Inside OCZ's Factory: How SSDs Are Madeby Kristian Vättö on May 20, 2015 8:30 AM EST
Once the drive has exited the validation station without any errors, it's considered to be fully functional and is ready to be packaged.
Before the drive is put inside the retail package, the labels are put on the metal chassis. Currently this is done manually and requires extreme precision from the worker, but this is an area OCZ is looking to automate to reduce costs and increase the throughput of the factory.
The folding of the cardboard retail boxes has already been automated and is done by the machine above.
The drives and accessories are put inside the retail box by hand and the last step in the process is to wrap the complete box in plastic. The wrap is folded over itself, resulting in a pocket where the retail package is pushed into. The package will then go through a heat tunnel, which shrinks the plastic a creates a tight wrap.
The retails boxes are then put inside 10-drive shipping boxes. The shipping boxes and the black holders have actually been designed by OCZ and are something that Mr. Van Pattern introduced shortly after joining the company. The new design is much more tolerable to drops and pressure in order to keep the retail packages cosmetically in tact and the 10-drive size is easy to ship around. OCZ does drop tests periodically to ensure that both the retail package as well as the shipping box quality hasn't degraded and the drives are safe.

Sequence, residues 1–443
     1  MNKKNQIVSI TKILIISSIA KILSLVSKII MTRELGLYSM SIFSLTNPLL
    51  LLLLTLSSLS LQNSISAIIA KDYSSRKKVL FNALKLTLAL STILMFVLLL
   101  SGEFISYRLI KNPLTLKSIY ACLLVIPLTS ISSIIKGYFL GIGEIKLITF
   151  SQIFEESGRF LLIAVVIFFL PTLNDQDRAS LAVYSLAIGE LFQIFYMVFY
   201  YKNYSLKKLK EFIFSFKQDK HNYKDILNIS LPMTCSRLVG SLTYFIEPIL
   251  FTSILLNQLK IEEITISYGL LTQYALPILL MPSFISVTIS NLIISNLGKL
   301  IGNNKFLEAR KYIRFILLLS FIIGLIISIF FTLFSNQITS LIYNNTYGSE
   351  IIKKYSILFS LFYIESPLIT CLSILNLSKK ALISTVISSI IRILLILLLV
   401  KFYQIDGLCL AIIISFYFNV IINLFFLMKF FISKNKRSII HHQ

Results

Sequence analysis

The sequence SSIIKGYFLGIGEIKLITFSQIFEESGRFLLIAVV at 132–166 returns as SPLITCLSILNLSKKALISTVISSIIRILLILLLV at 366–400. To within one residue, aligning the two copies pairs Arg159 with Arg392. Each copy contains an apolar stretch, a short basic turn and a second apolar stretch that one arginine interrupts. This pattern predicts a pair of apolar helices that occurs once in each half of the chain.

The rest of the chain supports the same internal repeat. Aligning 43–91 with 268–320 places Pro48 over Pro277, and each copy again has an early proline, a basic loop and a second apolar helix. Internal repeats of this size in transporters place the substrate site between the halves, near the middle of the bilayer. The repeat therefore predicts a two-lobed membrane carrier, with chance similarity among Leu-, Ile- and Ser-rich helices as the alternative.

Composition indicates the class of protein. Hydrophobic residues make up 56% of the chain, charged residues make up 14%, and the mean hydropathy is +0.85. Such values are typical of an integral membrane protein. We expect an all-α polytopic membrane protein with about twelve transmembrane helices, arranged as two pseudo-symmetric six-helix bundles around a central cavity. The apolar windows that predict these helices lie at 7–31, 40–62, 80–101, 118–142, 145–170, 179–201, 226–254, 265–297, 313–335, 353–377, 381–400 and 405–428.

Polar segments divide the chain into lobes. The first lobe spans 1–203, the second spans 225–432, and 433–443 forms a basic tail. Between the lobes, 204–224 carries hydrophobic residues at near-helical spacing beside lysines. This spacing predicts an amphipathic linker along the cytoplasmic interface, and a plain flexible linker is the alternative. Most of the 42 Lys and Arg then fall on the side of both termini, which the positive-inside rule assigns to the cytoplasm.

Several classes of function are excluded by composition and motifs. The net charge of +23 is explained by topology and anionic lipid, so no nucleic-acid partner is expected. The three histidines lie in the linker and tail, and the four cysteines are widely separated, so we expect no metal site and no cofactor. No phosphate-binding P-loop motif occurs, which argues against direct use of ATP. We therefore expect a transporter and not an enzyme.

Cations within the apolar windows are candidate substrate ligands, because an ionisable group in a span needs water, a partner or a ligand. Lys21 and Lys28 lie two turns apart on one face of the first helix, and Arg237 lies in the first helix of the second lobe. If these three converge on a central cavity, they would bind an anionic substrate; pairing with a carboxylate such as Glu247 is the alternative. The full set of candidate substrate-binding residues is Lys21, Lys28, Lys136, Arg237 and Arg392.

The last stop for the drive before it's shipped out is, of course, the warehouse, which also concludes our factory tour.
First of all, I'd like to thank OCZ and PTI for giving us the exclusive inside look of their factory. Usually we only get to see the final product, but not the steps that are taken to develop and build the drive. As we saw, the actual assembly process of an SSD is not very complex, but there is a tremendous amount of continuous testing to keep the quality high. Some tests, such as the box drop test, may seem a bit redundant, but ultimately it's these little things and aspects that build a high quality product.
That said, I'm not an engineering or manufacturing expert, so it would be wrong for me to "review" OCZ's processes. What I can say, though, is that OCZ's attitude towards quality and reliability has completely changed. In the past it wasn't unheard of that a product would only spend roughly three months in development before entering mass production, but now even the qualification phase of the development process is typically longer.
All in all, the new OCZ is well aware of its questionable quality reputation from the past and is now doing everything it can to build the trust back. It won't happen overnight, but opening up the whole development and manufacturing process is a way of showing that OCZ has nothing to hide when it comes to quality.